Pull down that dusty poetry book from the shelf, or google a poem; read the lines and read between the lines and maybe you’ll realise that there’s a poet talking to you, writing for you; reach and you will find…


‘There is pleasure in the wet, wet clay,

When the artist’s hand is potting it.

There is pleasure in the wet, wet lay,

When the poet’s pad is blotting it…’

 Rudyard Kipling (1865-1936)

  

Epiphany  #epiphany #poetry #Shakespeare #January #quotes #TwelfthNight 

To have an epiphany is to experience a sudden and striking realisation, which would then lead on to extraordinary revelations, like those experienced by Archimedes (mathematics, invention) Issac Newton, (gravity, mechanics, physics) Albert Einstein (theoretical physics) Charles Darwin (Creation & natural selection).  
Please note these are all examples of The Sciences, The Arts are not represented as examples of ‘epiphanies.’ I suggest everyone choose their own…eg. The Sunflowers (painting) by Vincent Van Gogh or A Christmas Carol (book) by Charles Dickens or Bright Star (poem) by John Keats etc. These are wonderful realisations; what they reveal is what you choose to seek and take from them; no formulas, no theories, no statistics, just pure, emotive, personal satisfaction.

In the Christian calendar the 6th of January, the 12th day of Christmas; Twelfth Night is Epiphany: the visit and adoration of the Magi and their realisation of the Virgin Mary’s incarnation and the revelation that Christ is the son of God. (phew!)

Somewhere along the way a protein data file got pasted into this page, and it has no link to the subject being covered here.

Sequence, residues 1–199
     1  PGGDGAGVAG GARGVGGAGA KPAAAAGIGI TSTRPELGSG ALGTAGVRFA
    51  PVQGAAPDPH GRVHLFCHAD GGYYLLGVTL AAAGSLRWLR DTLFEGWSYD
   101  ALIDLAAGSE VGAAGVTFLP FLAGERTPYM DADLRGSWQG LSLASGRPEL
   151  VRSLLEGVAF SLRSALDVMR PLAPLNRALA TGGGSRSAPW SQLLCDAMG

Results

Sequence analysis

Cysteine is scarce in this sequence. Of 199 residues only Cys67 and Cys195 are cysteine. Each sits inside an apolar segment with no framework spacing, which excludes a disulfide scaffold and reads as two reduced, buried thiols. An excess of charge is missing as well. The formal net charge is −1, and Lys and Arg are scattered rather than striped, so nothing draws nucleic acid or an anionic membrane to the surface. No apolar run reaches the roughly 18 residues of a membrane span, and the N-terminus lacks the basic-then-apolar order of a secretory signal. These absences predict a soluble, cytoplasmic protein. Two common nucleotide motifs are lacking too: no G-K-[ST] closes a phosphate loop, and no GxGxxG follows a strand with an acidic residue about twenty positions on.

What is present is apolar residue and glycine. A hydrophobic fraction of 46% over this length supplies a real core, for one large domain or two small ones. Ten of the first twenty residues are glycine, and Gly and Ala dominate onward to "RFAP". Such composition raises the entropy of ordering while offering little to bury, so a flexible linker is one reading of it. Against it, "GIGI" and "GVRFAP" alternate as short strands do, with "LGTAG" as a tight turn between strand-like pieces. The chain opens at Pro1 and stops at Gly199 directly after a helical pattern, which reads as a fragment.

Fast forward to the 17th century

On the 6th January 1601 the comedy play ‘Twelfth Night’ by William Shakespeare was entered in the Stationer’s Register.

It’s the beginning of the year, we need some comedy, especially as one realises that the resolutions, so resolutely written, are now starting to dwindle and the still-winter months lie ahead.

The Magi ended their journey to see the new-born babe.

Shakespeare wrote a love song to be sung by the clown Feste to Sir Toby Belch and Andrew Aguecheek (great names!)

‘Trip no further, pretty sweeting;

Journeys end in lovers meeting,

Every wise man’s son doth know…’

From Twelfth Night ‘Sweet-and Twenty’

So it seems we are surrounded by wise men, adoration, revelation, realisation, journeys, love and poetry.

‘What’s to come is still unsure:

In delay there lies no plenty;

Then come kiss me, sweet-and-twenty!’

Shakespeare’s quotes and poetry still widely endure; their greatness, their humility, their magnificence, their grace, their morals… and their beauty.  

They search the soul for the same secret qualities; allow yourself to realise it; no equation or theory required.

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One ‘If,’ no ‘buts’  #Kipling #poetry #December #history

‘If you can keep your head when all about you
Are losing theirs and blaming it on others…’

From ‘If-‘ the masculine ideal poem written by Rudyard Kipling in 1895 and based on Dr Jameson, leader of the fiasco which came to be known as the Jameson raid, (1895-1896) in the war with South Africa.

Rudyard Kipling was born in Bombay (now, Mumbai) India on 30th December 1865, 150 years ago today.  

His parents, John Lockwood Kipling and Alice MacDonald, first met at Rudyard Lake in Staffordshire (North England) in 1863; a popular place for courting with its rowing boats, funfair, brass band concerts and dozens of tea rooms.